From: Christology of the Old Testament and a Commentary on the Messianic Predictions, Ernst Wilhelm Hengstenberg (1802-1869; Lutheran):
There cannot be any doubt that the messianic interpretation was pretty generally received in earlier times by the Jews. This is admitted even by those later interpreters who pervert the prophecy, e.g., Ibn-ezra, Jarchi [Rashi], Abravanel and Nahmanides.
The whole translation of the Chaldean Paraphrast, Jonathan, refers to prophecy to Messiah. He paraphrases the very first clause: "behold, My Servant Messiah shall prosper."
Rabbi Alschech, in Hulsii Theologia Judaica, pp. 321 ff., comments:
Upon the testimony of tradition, our old rabbis have unanimously admitted that king Messiah is here the subject of discourse. We, in harmony with them, conclude that king David, i.e., the Messiah, must be considered as the subject of this prophecy -- a view which is indeed quite obvious.
From: The Messiah Texts, Raphael Patai [Jewish], Detroit: Wayne State University Press, 1979:
The Aggada, the Talmudic legend, unhesitatingly identifies him with the Messiah, and understands especially the descriptions of his sufferings as referring to Messiah ben Joseph.
[Concerning the suffering servant of Isaiah 42, 49, 50, 52, 53]
It is quite probable that the concept of the suffering Messiah, fully developed in the Talmud, the Midrash, and the Zohar, has its origin in the biblical prophecies about the suffering servant.
Some rabbis named the Messiah, "The Leprous of the House of Study," based on Isaiah 53:4 (B. Sanhedrin 98b).
"Elijah . . . says to him: 'Endure the sufferings and the sentence of your Master who makes you suffer because of the sin of Israel.' And thus it is written: 'He was wounded because of our transgressions.' . . . (Is 53:5) - until the time when the end comes." (Mid. Konen, BhM, 2:29)
Nachmanides (R. Moshe ben Nachman) (13th c.):
"The right view respecting this Parashah is to suppose that by the phrase 'my servant' the whole of Israel is meant . . . As a different opinion, however, is adopted by the Midrash, which refers it to the Messiah, it is necessary for us to explain it in conformity with the view there maintained . . . And by his stripes we were healed -- because the stripes by which he is vexed and distressed will heal us; God will pardon us for his righteousness, and we shall be healed both from our own transgressions and from the iniquities of our fathers."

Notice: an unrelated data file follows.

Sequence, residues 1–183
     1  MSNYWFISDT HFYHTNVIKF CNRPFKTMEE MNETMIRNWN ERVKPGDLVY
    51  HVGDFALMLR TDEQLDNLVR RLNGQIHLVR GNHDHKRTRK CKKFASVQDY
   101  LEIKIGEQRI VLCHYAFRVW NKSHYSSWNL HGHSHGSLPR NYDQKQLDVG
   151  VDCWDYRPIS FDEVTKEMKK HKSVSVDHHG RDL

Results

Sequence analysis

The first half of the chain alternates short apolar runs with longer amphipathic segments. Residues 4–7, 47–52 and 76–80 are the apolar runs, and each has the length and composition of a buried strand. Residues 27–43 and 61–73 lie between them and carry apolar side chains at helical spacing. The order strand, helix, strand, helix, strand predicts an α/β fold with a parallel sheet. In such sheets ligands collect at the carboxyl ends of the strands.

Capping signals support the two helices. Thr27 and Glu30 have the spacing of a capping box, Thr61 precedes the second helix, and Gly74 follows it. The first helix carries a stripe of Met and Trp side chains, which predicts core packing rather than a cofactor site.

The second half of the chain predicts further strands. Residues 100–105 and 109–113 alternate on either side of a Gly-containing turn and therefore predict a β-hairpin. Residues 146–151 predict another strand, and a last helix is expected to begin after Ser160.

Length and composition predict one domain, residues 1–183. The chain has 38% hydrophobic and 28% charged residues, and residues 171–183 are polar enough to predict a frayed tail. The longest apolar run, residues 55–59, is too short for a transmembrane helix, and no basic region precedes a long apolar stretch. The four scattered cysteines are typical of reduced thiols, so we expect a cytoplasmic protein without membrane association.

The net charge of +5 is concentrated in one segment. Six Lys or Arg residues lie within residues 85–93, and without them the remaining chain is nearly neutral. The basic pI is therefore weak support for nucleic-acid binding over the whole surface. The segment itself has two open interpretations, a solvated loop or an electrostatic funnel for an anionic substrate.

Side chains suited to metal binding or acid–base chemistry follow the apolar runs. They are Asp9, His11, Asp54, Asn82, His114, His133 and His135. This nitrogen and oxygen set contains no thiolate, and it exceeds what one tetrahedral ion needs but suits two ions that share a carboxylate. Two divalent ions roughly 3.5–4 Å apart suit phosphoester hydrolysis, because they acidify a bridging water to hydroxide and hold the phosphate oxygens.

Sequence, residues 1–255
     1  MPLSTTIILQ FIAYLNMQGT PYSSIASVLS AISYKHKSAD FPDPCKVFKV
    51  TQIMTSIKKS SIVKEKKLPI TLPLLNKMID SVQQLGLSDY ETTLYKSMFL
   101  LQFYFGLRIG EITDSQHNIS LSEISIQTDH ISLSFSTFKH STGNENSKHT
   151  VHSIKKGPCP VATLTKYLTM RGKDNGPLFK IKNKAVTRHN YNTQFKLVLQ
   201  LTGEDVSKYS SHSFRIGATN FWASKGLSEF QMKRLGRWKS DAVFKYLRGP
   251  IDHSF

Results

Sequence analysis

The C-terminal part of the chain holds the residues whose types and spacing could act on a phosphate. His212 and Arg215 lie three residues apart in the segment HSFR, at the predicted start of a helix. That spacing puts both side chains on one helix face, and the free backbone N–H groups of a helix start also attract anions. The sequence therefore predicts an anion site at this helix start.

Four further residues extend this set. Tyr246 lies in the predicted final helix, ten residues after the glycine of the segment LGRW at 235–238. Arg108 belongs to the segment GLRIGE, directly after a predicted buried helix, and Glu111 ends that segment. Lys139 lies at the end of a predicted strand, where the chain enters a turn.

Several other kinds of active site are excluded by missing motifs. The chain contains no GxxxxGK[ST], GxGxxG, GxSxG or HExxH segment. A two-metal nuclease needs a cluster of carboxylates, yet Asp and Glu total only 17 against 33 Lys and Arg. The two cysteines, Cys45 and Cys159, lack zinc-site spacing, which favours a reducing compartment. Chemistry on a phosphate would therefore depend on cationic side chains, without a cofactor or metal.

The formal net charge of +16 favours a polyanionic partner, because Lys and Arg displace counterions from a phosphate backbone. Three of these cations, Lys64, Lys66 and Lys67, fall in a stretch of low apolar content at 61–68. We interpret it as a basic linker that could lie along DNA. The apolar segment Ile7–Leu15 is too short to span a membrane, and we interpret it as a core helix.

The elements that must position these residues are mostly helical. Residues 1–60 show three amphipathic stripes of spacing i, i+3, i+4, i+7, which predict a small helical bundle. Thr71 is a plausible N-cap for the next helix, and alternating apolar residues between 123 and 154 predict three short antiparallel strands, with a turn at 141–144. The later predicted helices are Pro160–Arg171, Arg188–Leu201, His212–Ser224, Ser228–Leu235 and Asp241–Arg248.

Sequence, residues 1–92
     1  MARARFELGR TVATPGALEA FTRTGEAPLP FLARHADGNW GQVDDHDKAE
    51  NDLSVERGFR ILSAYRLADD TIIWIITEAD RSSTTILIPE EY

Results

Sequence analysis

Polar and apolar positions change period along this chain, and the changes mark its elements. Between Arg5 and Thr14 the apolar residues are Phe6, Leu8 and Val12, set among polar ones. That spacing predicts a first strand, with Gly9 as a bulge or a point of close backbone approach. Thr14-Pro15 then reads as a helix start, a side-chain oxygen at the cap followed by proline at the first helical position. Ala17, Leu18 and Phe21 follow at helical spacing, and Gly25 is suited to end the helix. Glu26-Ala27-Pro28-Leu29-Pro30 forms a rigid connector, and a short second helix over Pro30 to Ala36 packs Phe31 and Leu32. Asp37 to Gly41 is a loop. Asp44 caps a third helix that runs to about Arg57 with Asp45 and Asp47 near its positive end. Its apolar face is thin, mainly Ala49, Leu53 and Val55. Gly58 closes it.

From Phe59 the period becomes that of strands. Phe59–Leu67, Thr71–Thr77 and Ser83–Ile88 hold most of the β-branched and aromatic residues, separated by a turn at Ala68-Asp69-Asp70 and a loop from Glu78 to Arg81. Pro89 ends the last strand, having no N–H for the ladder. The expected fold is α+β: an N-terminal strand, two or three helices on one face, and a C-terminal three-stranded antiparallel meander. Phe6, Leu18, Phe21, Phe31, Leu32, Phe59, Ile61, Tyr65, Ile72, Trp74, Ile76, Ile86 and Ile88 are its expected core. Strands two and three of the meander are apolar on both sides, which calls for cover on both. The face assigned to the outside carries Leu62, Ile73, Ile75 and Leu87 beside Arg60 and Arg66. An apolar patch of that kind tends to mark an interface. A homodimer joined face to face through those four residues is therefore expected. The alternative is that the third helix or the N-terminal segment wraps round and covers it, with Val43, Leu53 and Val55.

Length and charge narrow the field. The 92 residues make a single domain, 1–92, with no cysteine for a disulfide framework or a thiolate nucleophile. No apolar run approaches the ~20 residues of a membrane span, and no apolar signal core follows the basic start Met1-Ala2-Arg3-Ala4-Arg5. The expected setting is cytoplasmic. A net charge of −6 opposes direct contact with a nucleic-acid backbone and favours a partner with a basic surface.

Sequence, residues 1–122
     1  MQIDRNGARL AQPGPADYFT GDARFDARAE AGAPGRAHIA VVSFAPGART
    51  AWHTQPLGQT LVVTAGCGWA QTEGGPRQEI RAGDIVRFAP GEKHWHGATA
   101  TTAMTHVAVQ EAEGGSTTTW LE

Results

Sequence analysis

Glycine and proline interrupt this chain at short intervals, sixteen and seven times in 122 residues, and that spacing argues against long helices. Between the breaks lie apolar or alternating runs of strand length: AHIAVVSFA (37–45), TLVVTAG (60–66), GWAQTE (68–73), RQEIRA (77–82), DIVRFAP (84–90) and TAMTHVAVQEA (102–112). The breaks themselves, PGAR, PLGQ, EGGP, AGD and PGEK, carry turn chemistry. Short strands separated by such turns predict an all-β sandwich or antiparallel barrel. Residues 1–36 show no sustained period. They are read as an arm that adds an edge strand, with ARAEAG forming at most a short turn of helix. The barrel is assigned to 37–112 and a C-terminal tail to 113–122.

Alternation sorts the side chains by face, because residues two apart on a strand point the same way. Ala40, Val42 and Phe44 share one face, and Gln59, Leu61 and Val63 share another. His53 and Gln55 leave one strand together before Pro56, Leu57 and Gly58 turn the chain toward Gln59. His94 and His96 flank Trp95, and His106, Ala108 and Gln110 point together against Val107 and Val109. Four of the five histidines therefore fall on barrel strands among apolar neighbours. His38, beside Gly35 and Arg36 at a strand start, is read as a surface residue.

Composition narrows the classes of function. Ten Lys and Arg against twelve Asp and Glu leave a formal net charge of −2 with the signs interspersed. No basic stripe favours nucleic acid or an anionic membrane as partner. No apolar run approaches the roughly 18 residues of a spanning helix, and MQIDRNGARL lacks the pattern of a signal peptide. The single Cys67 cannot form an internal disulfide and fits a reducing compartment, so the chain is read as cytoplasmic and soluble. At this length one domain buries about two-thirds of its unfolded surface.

(From S. R. Driver and A. Neubauer, editors, The Fifty-third Chapter of Isaiah According to the Jewish Interpreters (2 volumes; New York: Ktav, 1969; pp. 78 ff.)
R. Elijah de Vidas (16th c.):
"Since the Messiah bears our iniquities which produce the effect of His being bruised, it follows that whoso will not admit that the Messiah thus suffers for our iniquities, must endure and suffer for them himself."
(in Driver, ibid., 331)
Rabbi Moshe Alshekh (El-Sheikh) of Sefad (16th c.):
"I may remark, then, that our Rabbis with one voice accept and affirm the opinion that the prophet is speaking of the King Messiah, and we ourselves also adhere to
the same view."
(in Driver, ibid., 258)
From: David Baron (Hebrew Christian scholar)
That the generally received older Jewish interpretation of this prophecy was the Messianic is admitted by Abrabanel, who himself . . . interpret[s] it of the Jewish nation . . . "Jonathan ben Uziel interprets it in the Targum of the future Messiah; and this is also the opinion of our learned men in the majority of their Midrashim.”
Similarly another, Rabbi Mosheh el Sheikh, commonly known as Alshech (latter half of the sixteenth century), who also himself follows the older interpretation, at any rate of the first three verses (52:13-15, which, however, as we shall see, contain a summary of the whole
prophecy), testifies "that our Rabbis with one voice accept and affirm the opinion that the prophet is speaking of the King Messiah."
In fact, until Rashi (Rabbi Solomon Yizchaki, 1040-1105) applied it to the Jewish nation, the Messianic interpretation of this chapter was almost universally adopted by Jews, . . .
According to Ibn Crispin, the interpretation adopted by Rashi “distorts the passage from its natural meaning”, and that in truth “it was given of God as a description of the Messiah, whereby, when any should claim to be the Messiah, to judge by the resemblance or non-resemblance to it whether he were the Messiah or not.”
From: S.R. Driver and Ad. Neubauer, editors, The Fifty-third Chapter of Isaiah According to the Jewish Interpreters (2 volumes; New York: Ktav, 1969)
(available online in abridged form at: http://www.saltshakers.com/lm/Fifty3.rtf)
Benjamin of Nehawend, a philosophic Karaite of much reputation (c. 800 A.D.), still believed that Isaiah 53 referred to the messiah (according to Yepheth ben Ali). "Many," Ibn Ezra says, in the middle of the twelfth century, "explained it as being of the messiah", on the authority of a traditional saying of the rabbis.
See also my related paper; a dialogue with an Orthodox Jew: Jewish-Christian Dialogue: Is the Servant of Isaiah 53 the Messiah or Collective Israel?